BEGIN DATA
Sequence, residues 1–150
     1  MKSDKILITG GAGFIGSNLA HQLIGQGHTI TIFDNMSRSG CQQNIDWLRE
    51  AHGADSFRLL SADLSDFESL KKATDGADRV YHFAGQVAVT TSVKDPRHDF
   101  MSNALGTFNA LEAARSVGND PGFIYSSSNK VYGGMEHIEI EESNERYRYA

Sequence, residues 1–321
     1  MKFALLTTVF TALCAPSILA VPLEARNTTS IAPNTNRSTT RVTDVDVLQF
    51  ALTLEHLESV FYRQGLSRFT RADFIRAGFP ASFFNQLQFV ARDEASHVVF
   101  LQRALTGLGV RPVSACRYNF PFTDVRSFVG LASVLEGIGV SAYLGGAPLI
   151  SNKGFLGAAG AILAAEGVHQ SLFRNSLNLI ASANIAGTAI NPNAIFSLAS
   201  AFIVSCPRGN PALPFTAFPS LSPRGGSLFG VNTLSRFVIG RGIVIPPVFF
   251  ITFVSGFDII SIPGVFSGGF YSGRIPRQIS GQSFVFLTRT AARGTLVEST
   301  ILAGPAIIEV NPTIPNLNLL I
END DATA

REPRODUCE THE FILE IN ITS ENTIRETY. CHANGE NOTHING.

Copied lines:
Sequence, residues 1–150
     1  MKSDKILITG GAGFIGSNLA HQLIGQGHTI TIFDNMSRSG CQQNIDWLRE
    51  AHGADSFRLL SADLSDFESL KKATDGADRV YHFAGQVAVT TSVKDPRHDF
   101  MSNALGTFNA LEAARSVGND PGFIYSSSNK VYGGMEHIEI EESNERYRYA

Sequence, residues 1–321
     1  MKFALLTTVF TALCAPSILA VPLEARNTTS IAPNTNRSTT RVTDVDVLQF
    51  ALTLEHLESV FYRQGLSRFT RADFIRAGFP ASFFNQLQFV ARDEASHVVF
   101  LQRALTGLGV RPVSACRYNF PFTDVRSFVG LASVLEGIGV SAYLGGAPLI
   151  SNKGFLGAAG AILAAEGVHQ SLFRNSLNLI ASANIAGTAI NPNAIFSLAS
   201  AFIVSCPRGN PALPFTAFPS LSPRGGSLFG VNTLSRFVIG RGIVIPPVFF
   251  ITFVSGFDII SIPGVFSGGF YSGRIPRQIS GQSFVFLTRT AARGTLVEST
   301  ILAGPAIIEV NPTIPNLNLL I